some days you're the bug, some days you're the windshield.

July 11, 2007, 10:49:36 AM
Reply #1

ChezNips

  • Teacher Emeritus
  • Posts By Osmosis

  • Offline
  • *****
  • Veritas Teacher

  • 1722
  • Karma:
    7
    • View Profile
 Self-Actualization 
 
If we intend to use our spiritual self-knowledge as a part of learning creative visualization, we must learn to understand ourselves on every level- physical, mental, emotional, and spiritual. This understanding of the self is vital to getting clear on your dreams and desires, to defining your goals both short and long term because it shows us what areas to invest time, energy and focus.

Introspection is a great tool that may seem unnatural at first because it is spending time noticing our thoughts and feelings. You can start by noticing your reactions in certain situations. Take an outside look at your body language, what you are saying and how it matches or doesn't match with how you think. Introspection is essentially examining what dominates your thoughts, your attitudes about yourself, others and the world and examination of what you really want and why you want it. When you commit to more introspection in your life, you acknowledge the power of your thoughts. We may believe that what we think but do not verbalize is not important but it is actually the opposite of the truth that I hope to show you throughout this series.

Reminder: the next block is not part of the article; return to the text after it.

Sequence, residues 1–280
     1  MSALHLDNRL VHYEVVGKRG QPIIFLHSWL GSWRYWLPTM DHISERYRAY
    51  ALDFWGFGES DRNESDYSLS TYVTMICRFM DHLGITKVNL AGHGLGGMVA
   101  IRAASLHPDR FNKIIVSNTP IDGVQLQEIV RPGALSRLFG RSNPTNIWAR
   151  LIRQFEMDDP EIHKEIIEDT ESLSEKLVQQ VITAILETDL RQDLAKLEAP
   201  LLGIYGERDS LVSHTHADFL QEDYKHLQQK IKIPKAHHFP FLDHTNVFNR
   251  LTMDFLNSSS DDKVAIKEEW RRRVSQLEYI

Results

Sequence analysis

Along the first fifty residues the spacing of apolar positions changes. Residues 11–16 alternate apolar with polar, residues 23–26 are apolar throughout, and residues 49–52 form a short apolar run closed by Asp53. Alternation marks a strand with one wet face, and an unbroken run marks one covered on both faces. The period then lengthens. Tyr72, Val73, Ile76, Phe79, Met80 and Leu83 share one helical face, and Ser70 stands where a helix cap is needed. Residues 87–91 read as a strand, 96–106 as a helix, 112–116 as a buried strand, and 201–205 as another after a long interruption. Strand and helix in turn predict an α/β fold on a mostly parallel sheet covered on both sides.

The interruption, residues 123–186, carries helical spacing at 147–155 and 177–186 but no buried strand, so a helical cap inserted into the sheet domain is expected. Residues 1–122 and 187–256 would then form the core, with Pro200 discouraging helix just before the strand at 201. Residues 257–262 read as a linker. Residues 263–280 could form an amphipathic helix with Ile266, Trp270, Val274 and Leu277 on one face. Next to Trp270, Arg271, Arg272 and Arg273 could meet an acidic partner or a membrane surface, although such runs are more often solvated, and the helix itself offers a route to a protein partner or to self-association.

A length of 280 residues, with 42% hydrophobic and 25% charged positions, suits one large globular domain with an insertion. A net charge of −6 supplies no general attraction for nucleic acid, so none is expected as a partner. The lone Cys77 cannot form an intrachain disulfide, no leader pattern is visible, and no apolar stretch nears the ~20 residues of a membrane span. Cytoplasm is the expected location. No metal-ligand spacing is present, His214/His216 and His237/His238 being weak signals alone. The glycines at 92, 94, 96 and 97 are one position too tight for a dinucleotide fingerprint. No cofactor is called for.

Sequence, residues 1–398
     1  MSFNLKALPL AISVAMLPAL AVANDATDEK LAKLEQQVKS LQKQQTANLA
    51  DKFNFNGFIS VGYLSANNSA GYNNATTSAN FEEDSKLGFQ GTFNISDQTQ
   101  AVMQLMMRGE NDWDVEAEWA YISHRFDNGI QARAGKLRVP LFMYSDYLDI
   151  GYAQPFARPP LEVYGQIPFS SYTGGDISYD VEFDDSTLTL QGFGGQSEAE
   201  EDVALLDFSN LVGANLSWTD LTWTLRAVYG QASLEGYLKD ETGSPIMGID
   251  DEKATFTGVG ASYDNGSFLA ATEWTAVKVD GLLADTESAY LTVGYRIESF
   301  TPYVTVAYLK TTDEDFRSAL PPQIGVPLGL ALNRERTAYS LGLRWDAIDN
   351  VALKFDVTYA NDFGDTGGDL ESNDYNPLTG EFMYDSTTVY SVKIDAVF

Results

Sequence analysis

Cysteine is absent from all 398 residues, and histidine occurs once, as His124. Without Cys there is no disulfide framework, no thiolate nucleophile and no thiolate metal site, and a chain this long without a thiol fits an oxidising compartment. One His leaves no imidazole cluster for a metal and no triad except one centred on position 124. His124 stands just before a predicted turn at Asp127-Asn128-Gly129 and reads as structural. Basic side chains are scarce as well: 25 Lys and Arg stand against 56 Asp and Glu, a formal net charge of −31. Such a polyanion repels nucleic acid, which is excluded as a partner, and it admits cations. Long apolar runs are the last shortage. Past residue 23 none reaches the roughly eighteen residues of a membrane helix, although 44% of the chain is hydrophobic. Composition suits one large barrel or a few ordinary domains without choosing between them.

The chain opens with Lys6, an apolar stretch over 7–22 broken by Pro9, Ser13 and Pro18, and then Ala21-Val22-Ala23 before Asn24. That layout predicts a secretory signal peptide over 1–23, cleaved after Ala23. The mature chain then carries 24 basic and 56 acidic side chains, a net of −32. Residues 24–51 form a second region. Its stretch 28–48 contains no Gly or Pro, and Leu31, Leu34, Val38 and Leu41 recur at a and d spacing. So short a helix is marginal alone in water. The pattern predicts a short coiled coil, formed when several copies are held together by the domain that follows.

Humanistic psychologist Abraham Maslow identified a concept he called self-actualization. He identified this concept as the want to continue learning all of an individual's life. They want fulfillment and harmony for themselves and they want to contribute positive energy to the rest of the world. Along with this concept, he defined a hierarchy of needs for each individual using a pyramid as a symbol of how the individual progresses through each need. The bottom of the pyramid and the biggest "slice" are the physiological needs as pure survival. When those needs are met, the individual progresses to safety needs. Those would include the knowledge that they are sheltered, protected from war, disease or financial instability. The next level up the pyramid would be the need to belong and to know that they are loved. The next stage up the pyramid is prestige and self-esteem and at the very top of the pyramid is self-actualization. This is the "be all you can be" area.

Self-actualization is about creating what you want in your life and it takes a great deal of time, dedication and work- and don't forget introspection! Creative visualization is one of the most powerful ways in which we can use our imagination, introspection, and dedication to move toward self-actualization.
 
some days you're the bug, some days you're the windshield.